Here is another photo of the spider in the previous post with a closer view of its spiny pedipalps (mouth feeler thingys). Troy Bartlett and BitB’s own James Trager got it right – the spider is, indeed, Argiope trifasciata, the banded garden spider (a.k.a. banded garden orbweaver, banded argiope, whitebacked garden spider, etc.). I figured the genus would be easy, but the species might be a little tricky – at least for those in North America who might be tempted to conclude it was the larger A. aurantia (black and yellow garden spider, etc.). The broken banding on the femora and generally lighter ventral coloration are usually enough to distinguish A. trifasciata from its more conspicuous congener. Argiope trifasciata is also distinguished as one of the few truly cosmopolitan arthropod species, occurring naturally on all continents except Antarctica.
Both Troy and Dave Walter mentioned the conspicuous stabilimentum (heavy zig-zagging pattern) that Argiope spiders are perhaps best known for and that they often add to the center of their otherwise cryptic webs. Originally thought to possess a web-stabilizing function (hence the name), a variety of alternative explanations have since been proposed. These include camouflage (to break up the body outline of the spider and make it less visible to predators), web protection (to make the web more visible to birds and prevent them from flying into and damaging it), prey luring (since it reflects ultraviolet light efficiently), thermal protection (by providing a shield against the sun), and a repository for excess silk. An alternative hypothesis that I had not heard of but mentioned by Dave is that they serve as sponges for accumulating water for the spider to drink. Webs with stabilimenta are more common and larger in exposed versus sheltered locations, and a recent study by Blackledge and Wenzel (1999) using A. aurantia found that webs with a stabilimentum suffered significantly less damage from birds (45% on average) than those without, but that they also caught fewer insects (34% on average). The presence or absence of a stabilimentum, however, was not a significant factor in predation of the spiders by birds. This implies not only a web protective function for the stabilimentum, but that there is an evolutionary trade-off between web protection and foraging success. These authors concluded that variation in stabilimenta might be accounted for by a cost—benefit trade-off and that the decision by the spider to include a stabilimentum when building a web may be influenced by external factors such as prey density and web exposure.
Specific to A. trifasciata, a less well known but equally interesting aspect of its behavior is the use of web orientation for thermoregulation. Tolbert (1979), in a study conducted in the southeastern US, found that web orientation was non-random during the hottest part of the summer, when spiders largely occupied east-west oriented webs with their silver/white dorsal surfaces facing south and their dark ventral surfaces facing north, and during October when the situation was reversed. Orientation of the white/silver dorsal surface towards the sun presumably is done to help lower body temperatures, while orienting the ventral surface of the spider, which changes from silver to black as the spider reaches maturity, would maximize solar radiation for heat gain. In contrast, Ramirez et al. (2003) found the species in coastal southern California never oriented their webs in a non-random fashion – rather, they always oriented them along an east-to-west axis with the mostly dark ventral surface of their abdomens facing south. They suggested that dealing with a high heat load is not a significant problem in the predominantly cool environment of coastal southern California and that staying warm is the greater challenge for this mostly fall active species.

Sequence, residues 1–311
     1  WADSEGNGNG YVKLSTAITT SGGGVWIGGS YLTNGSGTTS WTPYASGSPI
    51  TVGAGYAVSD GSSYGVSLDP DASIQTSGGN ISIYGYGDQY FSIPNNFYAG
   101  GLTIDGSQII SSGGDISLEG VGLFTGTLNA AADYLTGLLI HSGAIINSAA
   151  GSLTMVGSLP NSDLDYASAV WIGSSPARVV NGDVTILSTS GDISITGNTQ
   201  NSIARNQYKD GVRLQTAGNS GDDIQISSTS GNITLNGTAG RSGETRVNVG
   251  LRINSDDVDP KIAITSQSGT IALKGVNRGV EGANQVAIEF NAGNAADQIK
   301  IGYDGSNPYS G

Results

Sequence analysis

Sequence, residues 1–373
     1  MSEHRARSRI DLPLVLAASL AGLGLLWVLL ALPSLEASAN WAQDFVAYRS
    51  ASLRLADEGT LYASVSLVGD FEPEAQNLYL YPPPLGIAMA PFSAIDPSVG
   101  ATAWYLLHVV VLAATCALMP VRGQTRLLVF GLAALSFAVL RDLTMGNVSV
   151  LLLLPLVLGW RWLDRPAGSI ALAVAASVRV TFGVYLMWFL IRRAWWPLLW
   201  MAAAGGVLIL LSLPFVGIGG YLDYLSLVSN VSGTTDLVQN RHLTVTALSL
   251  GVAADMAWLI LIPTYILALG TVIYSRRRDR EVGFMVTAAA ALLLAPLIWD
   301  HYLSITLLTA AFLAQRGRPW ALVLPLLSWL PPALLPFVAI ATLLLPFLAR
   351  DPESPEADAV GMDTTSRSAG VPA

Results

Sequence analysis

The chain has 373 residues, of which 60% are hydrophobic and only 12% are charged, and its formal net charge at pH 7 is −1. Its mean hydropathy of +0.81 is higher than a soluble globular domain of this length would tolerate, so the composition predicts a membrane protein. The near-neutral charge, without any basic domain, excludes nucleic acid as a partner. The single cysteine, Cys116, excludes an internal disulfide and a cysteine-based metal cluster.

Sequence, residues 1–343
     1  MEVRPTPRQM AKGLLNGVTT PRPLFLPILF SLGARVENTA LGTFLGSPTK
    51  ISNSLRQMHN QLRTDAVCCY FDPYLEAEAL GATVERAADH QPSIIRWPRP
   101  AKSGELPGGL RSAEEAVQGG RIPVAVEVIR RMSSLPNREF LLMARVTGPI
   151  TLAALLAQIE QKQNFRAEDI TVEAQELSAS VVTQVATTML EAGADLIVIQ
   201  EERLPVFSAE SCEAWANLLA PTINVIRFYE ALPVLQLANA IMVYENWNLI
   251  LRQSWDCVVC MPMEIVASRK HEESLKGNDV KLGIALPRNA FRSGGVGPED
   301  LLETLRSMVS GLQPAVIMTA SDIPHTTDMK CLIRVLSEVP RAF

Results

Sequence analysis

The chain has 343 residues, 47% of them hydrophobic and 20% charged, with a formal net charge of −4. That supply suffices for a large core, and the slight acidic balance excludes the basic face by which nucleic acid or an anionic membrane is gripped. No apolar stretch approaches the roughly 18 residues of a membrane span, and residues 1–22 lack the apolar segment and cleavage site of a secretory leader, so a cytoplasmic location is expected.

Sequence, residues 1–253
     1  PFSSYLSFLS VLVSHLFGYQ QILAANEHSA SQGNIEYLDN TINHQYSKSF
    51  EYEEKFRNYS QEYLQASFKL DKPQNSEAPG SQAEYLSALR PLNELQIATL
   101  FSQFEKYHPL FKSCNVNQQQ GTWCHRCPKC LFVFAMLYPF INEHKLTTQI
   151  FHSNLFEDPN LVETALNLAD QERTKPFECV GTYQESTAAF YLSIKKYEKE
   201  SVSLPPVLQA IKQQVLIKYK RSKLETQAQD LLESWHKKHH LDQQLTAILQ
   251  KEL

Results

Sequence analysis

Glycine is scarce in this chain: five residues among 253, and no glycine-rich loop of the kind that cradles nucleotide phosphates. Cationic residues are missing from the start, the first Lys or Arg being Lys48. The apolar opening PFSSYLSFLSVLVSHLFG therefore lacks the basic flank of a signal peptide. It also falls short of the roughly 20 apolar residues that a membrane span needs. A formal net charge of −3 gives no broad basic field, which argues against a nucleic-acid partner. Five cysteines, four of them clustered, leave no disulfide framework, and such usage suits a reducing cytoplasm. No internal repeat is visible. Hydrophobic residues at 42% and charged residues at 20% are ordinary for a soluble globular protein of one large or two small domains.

I’ll give 6 points to Troy for agreeing with me on everything, 4 to Dave for playing Devil’s advocate with the species and his unique alternative stabilimentum hypothesis, and 2 points to James for agreeing with Troy’s species ID. 🙂
Photo Details: Canon 50D w/ MP-E 65mm 1-5X macro lens (ISO 100, 1/250 sec, f/14), Canon MT-24EX flash w/ Sto-Fen + GFPuffer diffusers. Typical post-processing (levels, minor cropping, unsharp mask).
Blackledge, T. A. and J. W. Wenzel. 1999. Do stabilimenta in orb webs attract prey or defend spiders? Behavioral Ecology 10(4):372–376.
Ramirez, M. G., E. A. Wall and M. Medina. 2003. Web orientation of the banded garden spider Argiope trifasciata (Araneae, Araneidae) in a California coastal population. The Journal of Arachnology 31:405–411.
Tolbert, W. W. 1979. Thermal stress of the orb-weaving spider Argiope trifasciata (Araneae). Oikos 32(3):386–392.
Copyright © Ted C. MacRae 2010
11 thoughts on “Halloween ID challenge answer – Argiope trifasciata”
Aw maaaaan, we can get points for that too? I missed the boat, then.
Super-pretty critters (for a spider, anyways).
I’m not necessarily bound by “established” rules when handing out points. 😀
Ted — Wouldn’t want any hard feelings about this, so I cede my points to Troy. 🙂
As a BitB contributor, any points you get are meaningless anyway 🙂
Unless I give them to a non-BitB contributor to use … Or are they altogether valueless? Heh, heh.
Hmm, I think BitB points should be like frequent flyer miles – you can transfer for a fee 🙂
I knew it’s Argiope sp.! But that is all. Thanks for the information on stabilimenta and thermoregulation!
You’re welcome, Aniruddha.
Nice website you’ve got there – I’ve added a link and will stop by to take a deeper look around.
Thank you Ted! I appreciate it.
I will treasure the points!
I’m at the Canadian Entomological Society meeting and ran the aposematic colouration hypothesis by some of the spider people, but got no takers. Maybe camouflage is a better idea.
Must have been American arachnologists who objected to your British spelling of ‘colour’. 🙂